A strange thing, a heartbeat.
Something so steady, so pervasive, that we ignore its rhythms for all our lives. It’s such a continuous feature of existence that it only becomes noticeable when it finally stops.
Frank and I had been friends since high-school. He was always the funny man, playing his jokes off of me. I never minded, though, it was how we were. We graduated together, moved into the same city, joined the police together. This was back in the day when policing was a people business, you could walk down the street and people would say hello to you, ask you how the day was going. You don’t see any of that anymore.
He would always get into trouble with the higher-ups, Frank. He was something of a social pioneer – it was a trait that I greatly admired in him. In a time when people of different backgrounds, different skin colours, were being unfairly treated, wronged at every turn, Frank would be there to set things right. I made Sergeant, he didn’t.
That never bothered him though: he enjoyed the beat, walking amongst the people he protected. In many ways he was the cliche of a cop, abiding by every law and rule and never straying from what he saw as justice.
It was down to him that I met my wife. We used to drink at a bar in town called Mallory’s. It was an Irish place, which suit Frank just right, his grandfather being from Derry after all. I was stood at the bar my eyes glued on this stunning woman when Frank clocks me and just strides right up to her.
“Come and meet my buddy,” he says. “He’s a little on the short side but he’s a real charmer.”
We’ve been married for 34 years, and he brought up that story at every anniversary.
“It’s a good thing I wasn’t on my game that night,” he’d chuckle at every get-together. “Or we’d be celebrating my marriage!”
Frank never did settle down. Some women did steal his heart, but more often then not they would disappear as soon as they had appeared. One girl, Mel was her name, really put him through the wringer. She made all these plans with Frank, about settling down, having kids, the whole package. He fell for it hook, line and sinker, right up until she ran out on him with most of his money. I don’t think he ever really recovered from that – he took to drinking a lot more than usual after her.
Slowly but surely our work became more about filing forms and paperwork than being out on the street. I had by this time become a lieutenant. There had been overtures for me to make detective but I had turned it all down to keep an eye on Frank, who was becoming like an old dog in the station. He would arrive at five in the morning and not leave until ten or eleven at night. That station was his life, and when he retired it took something out of him.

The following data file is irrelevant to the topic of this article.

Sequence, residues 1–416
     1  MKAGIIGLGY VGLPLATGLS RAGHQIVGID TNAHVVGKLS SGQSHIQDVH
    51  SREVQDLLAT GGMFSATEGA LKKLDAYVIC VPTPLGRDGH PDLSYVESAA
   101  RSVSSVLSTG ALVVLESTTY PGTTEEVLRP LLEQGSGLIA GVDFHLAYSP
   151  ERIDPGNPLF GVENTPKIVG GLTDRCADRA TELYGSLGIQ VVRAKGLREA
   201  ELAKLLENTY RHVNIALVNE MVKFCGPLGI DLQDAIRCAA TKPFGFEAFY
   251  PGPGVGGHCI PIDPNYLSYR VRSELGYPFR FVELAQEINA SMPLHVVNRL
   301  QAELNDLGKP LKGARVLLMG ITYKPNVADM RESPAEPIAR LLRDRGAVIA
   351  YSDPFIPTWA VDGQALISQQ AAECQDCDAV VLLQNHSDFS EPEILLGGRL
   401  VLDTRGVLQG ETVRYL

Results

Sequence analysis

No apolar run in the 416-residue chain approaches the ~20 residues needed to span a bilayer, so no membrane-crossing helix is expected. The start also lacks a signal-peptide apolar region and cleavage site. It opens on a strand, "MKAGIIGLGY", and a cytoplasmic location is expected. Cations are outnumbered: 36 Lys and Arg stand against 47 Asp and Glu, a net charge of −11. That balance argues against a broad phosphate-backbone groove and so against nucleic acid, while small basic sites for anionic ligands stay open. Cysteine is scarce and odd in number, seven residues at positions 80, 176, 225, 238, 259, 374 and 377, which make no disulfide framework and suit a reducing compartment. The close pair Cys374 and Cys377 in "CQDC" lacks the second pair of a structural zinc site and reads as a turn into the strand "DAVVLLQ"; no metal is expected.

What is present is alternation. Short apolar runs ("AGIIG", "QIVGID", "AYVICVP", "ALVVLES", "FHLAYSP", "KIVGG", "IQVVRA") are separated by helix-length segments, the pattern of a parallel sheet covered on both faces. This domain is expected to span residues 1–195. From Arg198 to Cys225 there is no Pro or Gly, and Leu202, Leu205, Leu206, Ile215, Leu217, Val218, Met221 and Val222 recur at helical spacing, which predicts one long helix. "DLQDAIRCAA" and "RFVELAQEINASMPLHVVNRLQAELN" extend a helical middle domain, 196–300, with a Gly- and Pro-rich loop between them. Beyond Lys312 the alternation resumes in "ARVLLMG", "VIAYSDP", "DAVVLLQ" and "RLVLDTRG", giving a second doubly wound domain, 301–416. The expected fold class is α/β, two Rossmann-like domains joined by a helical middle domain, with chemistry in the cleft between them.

I’ll always remember one night at Mallory’s, he had been retired for about five years – I had already been out for longer after a shootout left me with a bullet in the hip – when I think something in him snapped.
Mallory’s had, by then, come under new ownership and had been overlapped by an urban sprawl that had turned quite a nice suburb into a “shady” area. We still took the trip every week or because the place had such a history with us, but there was no mistaking it had gone downhill.
We had been sat there for around an hour or so when someone jabbed Frank in the ribs.
“That’s my seat,” he had said, in that way that told you what he really cared about wasn’t some bar stool in a dive bar.
Now, ever since Frank has asserted that what he had jabbed him with was the muzzle of a gun. I don;t want to dispute that, but Frank hated seeing his neighborhood, his patrol, his beat, being degraded year by year. It may have been a gun, it may have been an excuse. Either way, his reaction was instantaneous and incredible for a man pushing 60. In one swift movement he span on the stool, beer bottle in hand, to smash it against the man’s temple.
As the glass shattered and the gruff-looking patron toppled over, one of his colleagues evidently decided to lunge for me, as I was one of two old men who seemingly didn’t look crazy.
They say that your instincts from old days as a cop never die, and I suppose I can attest for that. With speed that I would pay for when I woke up the next day, I dismounted my stool, caught the man’s neck in my hand and drew my pistol. Frank had never liked guns but having been disabled by one I had resolved to always carry my own in defence.
The appearance of my firearm cooled the situation somewhat and Frank and I made our getaway, two old pensioners giggling like schoolchildren after almost being assaulted.
That was the last time we saw Mallory’s. Someone burnt it down about a year after. It was about that time that Frank began to get sick, too. It was as if the last remnant of his old beat disappearing finally took its toll on him.
Cancer is an awful disease. I had to watch a man who had looked as alive at 60 as he had at 18 wither away in front of me. There were no more jokes, no more beers, no more anniversary anecdotes. Just a hospital bed, some tubes, and the steady beat of a heart monitor.
It’s a strange thing, a heartbeat. Something that can represent an entire being, and entire life, condensed into a staccato of pips on a machine.
The silence it leaves behind is deafening. Deafening and lonely.